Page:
Turkey’s Libya manoeuvres begin to worry Italy
Turkey’s push to extend influence in western Libya is putting Italy’s interests at risk as Rome tries to regain control of the Tripoli-based Government of National Accord (GNA), led by Libyan Prime Minister Fayez al-Sarraj.
A phone call between Italian Prime Minister Giuseppe Conte and Sarraj earlier in May reflected Italy’s concerns about Turkey’s ambitions in Libya, which now seem to extend beyond its initial goal of creating a military balance that would bring the eastern-based Libyan National Army (LNA) back to the negotiating table.
During the call, the Italian PM expressed his country’s concern about the flow of foreign weapons into Libya, which he said was further fuelling the conflict and posing a security threat to neighbouring and European countries.
Conte stressed the need for the GNA to return to the negotiating table in accordance with the UN Security Council decisions and the conclusions of the Berlin Conference. He said the future of Libya should be for Libyans to decide, without interference from foreign players.
He also called for the prompt appointment of a new UN envoy in Libya to replace Acting Special Representative of the Secretary-General for Libya Stephanie Williams and stressed the need for the resumption of Libyan oil production, which represents “a wealth for all Libyans and their main source of income.”
In recent years, Turkey has taken advantage of Italian-French competition in Libya to build up their own influence. Ankara sees Libya as being of strategic importance given its security importance and energy ties with southern Europe.
Italy and France are taken aback by Turkey’s maneuvers at the same time Russia looks to take control of oil resources in eastern Libya.
Turkey’s initial push in Libya is thought to have been green-lighted by Western powers like the US, Britain and Italy, who wanted to see a military balance between the GNA and LNA, which has received French backing.
The LNA’s advance threatened Italy’s interests in Libya, especially after its commander, Field Marshal Khalifa Haftar, accused Rome of siding with the Islamists in the city of Misrata.
However, Rome is now concerned that Libya’s conflict is taking the same form as Syria’s and that Turkey and Russia could be left to reap the spoils.
Libya is divided between forces loyal to the Islamist-backed GNA and fighters with the LNA, led by Haftar.
Turkey has dramatically increased its involvement in the conflict this year, sending intelligence personnel, delivering air drones and dispatching hundreds of mercenaries from Syria, tipping the balance in favour of the GNA’s forces, which on May 18 recaptured the strategically located al-Watiya airbase. Rome is wary of Turkey’s expanded military and intelligence influence in Libya as it could allow Ankara to play the same migration blackmail game it has played against its Greek neighbours before.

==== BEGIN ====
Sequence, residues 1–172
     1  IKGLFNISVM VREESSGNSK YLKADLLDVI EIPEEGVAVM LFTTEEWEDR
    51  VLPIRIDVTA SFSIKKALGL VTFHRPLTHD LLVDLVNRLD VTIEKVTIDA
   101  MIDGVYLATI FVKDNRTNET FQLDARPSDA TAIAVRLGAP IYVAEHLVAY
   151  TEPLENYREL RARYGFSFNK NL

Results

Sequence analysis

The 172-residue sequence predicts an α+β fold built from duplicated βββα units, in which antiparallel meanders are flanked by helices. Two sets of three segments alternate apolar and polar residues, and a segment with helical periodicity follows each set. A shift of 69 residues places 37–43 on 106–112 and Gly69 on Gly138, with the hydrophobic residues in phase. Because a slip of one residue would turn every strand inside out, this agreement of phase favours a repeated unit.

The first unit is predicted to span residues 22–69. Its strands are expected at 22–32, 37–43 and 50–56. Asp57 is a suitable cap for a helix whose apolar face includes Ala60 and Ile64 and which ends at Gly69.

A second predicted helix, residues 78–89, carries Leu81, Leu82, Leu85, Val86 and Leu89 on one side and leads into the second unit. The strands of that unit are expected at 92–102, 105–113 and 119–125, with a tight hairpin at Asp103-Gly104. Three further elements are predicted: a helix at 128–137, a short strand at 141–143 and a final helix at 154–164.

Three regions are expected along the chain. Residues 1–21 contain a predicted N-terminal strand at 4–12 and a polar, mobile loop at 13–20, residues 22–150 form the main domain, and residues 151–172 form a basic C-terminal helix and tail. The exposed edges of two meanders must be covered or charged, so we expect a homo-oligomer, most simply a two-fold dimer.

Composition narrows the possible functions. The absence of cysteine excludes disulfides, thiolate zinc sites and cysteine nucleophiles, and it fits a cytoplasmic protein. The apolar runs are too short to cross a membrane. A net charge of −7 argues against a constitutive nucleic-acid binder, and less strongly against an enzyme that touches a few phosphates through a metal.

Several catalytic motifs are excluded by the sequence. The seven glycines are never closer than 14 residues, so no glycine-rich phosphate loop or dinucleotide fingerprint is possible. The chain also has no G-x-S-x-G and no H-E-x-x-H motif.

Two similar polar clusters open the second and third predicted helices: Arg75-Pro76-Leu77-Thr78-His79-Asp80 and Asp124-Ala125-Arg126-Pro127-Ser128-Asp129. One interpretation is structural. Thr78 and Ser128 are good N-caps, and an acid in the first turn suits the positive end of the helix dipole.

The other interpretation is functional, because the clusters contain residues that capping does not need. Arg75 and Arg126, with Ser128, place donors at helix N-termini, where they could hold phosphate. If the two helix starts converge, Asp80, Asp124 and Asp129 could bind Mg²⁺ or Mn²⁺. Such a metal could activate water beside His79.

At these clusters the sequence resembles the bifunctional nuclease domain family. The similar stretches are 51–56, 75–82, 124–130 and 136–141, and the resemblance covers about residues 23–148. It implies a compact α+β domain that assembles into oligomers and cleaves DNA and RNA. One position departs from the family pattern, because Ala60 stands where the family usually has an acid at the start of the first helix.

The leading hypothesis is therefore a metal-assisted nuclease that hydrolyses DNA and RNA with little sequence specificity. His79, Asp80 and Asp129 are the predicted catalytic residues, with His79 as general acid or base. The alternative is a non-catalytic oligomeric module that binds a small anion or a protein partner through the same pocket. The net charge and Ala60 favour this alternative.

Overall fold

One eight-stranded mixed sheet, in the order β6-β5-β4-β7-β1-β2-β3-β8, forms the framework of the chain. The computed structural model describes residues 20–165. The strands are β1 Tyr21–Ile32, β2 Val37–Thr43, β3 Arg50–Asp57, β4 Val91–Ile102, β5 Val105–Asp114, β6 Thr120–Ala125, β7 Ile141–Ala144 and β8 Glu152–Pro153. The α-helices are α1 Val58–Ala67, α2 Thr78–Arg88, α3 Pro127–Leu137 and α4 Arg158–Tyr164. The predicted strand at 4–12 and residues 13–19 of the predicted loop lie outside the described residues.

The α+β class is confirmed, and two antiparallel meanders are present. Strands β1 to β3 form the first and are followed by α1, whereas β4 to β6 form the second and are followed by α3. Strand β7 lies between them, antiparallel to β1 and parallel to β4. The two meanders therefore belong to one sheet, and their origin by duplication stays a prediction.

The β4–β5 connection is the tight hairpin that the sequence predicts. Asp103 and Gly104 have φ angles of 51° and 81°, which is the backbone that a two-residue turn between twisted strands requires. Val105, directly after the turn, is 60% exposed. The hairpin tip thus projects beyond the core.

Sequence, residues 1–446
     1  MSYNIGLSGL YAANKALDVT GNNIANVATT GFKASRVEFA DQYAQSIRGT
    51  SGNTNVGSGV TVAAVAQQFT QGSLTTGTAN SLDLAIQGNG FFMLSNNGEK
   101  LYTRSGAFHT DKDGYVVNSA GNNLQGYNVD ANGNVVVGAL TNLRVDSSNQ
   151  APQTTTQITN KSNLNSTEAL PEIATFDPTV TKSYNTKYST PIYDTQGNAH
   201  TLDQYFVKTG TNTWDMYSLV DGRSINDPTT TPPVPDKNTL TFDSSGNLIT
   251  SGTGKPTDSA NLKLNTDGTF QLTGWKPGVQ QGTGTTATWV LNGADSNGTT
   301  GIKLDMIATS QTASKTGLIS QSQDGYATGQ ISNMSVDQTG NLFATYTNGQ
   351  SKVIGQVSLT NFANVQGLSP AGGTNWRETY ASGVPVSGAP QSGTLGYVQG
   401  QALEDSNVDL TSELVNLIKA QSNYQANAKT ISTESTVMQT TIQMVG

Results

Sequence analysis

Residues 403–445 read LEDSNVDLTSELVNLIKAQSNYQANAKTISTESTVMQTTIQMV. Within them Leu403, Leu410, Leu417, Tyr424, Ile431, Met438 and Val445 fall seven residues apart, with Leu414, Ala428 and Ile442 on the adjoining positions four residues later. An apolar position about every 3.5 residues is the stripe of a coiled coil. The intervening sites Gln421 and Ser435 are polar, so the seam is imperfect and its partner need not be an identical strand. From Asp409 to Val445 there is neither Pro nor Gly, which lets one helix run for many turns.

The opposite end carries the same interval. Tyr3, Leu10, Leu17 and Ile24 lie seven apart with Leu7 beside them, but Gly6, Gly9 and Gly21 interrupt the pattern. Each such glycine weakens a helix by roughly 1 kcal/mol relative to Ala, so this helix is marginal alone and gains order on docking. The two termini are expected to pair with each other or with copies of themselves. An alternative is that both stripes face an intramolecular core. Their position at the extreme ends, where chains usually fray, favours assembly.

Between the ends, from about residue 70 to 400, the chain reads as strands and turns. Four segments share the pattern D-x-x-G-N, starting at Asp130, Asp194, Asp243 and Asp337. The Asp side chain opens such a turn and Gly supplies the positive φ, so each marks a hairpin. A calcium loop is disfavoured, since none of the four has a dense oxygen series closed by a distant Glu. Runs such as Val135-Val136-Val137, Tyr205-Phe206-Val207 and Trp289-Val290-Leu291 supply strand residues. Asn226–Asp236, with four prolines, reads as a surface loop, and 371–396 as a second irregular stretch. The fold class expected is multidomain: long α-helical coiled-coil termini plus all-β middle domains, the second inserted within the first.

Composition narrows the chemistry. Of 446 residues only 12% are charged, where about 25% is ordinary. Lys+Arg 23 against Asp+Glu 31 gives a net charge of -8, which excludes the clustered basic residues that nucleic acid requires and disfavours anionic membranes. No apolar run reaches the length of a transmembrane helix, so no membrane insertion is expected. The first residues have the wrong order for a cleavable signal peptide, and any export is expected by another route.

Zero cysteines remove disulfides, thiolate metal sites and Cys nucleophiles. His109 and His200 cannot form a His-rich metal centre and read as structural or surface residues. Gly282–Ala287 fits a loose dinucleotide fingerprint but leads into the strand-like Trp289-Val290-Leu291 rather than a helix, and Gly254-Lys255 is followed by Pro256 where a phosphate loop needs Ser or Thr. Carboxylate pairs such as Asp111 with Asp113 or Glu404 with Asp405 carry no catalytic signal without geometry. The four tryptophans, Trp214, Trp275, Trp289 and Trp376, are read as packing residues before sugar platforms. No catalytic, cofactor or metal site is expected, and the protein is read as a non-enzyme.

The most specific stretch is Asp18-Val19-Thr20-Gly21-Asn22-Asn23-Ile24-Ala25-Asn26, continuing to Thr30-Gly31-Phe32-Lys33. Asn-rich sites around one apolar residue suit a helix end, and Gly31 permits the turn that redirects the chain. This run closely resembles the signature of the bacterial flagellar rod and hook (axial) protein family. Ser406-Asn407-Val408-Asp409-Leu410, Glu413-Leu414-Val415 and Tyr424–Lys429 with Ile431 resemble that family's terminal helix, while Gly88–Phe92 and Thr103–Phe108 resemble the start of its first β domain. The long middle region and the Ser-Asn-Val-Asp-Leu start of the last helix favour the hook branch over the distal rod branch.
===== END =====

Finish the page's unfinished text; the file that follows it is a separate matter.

for now, it is in Ankara’s interest to amplify fears about Russian presence on the southern shore of the Mediterranean.
On May 29, Moscow shot back by warning that outside intervention has “changed the balance of power” in Libya, in a clear reference to Turkey.
Calling for the conflict to be resolved through “diplomatic means,” Russia’s foreign ministry said the situation in Libya was continuing to deteriorate and that a ceasefire there was in tatters, the RIA news agency reported.
Earlier last week, the US military accused Russia of deploying “fourth-generation” fighter planes to Libya to support the LNA in its offensive on the capital Tripoli.
Russia flew MiG 29 and SU-24 fighter planes to a Libyan airbase escorted by other Russian fighter jets, the US military said May 27.
“Russian military aircraft are likely to provide close air support and offensive fire,” United States Africa Command (AFRICOM) said in a statement posted on its website and on Twitter.
Some of Washington’s analysts share the Pentagon’s concern about a wider Russian role.
“Not only could Russian airpower change the military balance in Libya itself, but this could be the first step in a gradual escalation to what eventually becomes a permanent Russian military deployment in the country,” Michael Kofman, director of the Russia studies programme at the Center for Naval Analysis told the New York Times.
Other experts, however, argue that while Russia wants to influence the political process in Libya, it has little interest in directly taking part in a military showdown.
Although the Libyan civil war seems to be a war between rival factions over control of the country’s vast resources, there has been an international dimension to the conflict ever since NATO intervened to help topple the rule of the late Libyan leader Muammar Gadhafi in 2011.
Alongside Turkey and Egypt, Gulf and European countries have played a role to varying degrees in Libya’s conflict since 2014.
(This article was originally published in the Arab Weekly and was reproduced by permission)